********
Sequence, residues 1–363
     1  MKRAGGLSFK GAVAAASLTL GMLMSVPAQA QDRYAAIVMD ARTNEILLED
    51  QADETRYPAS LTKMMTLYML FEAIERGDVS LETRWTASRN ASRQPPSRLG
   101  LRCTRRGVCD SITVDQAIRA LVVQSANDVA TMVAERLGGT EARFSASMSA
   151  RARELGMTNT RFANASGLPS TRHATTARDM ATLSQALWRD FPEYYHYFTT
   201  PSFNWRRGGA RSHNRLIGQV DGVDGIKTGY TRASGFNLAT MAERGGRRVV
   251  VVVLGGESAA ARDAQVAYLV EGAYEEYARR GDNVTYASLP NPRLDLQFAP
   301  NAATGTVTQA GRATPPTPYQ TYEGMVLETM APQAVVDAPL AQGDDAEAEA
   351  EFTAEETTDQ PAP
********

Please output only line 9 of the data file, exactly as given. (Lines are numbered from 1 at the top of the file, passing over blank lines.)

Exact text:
   351  EFTAEETTDQ PAP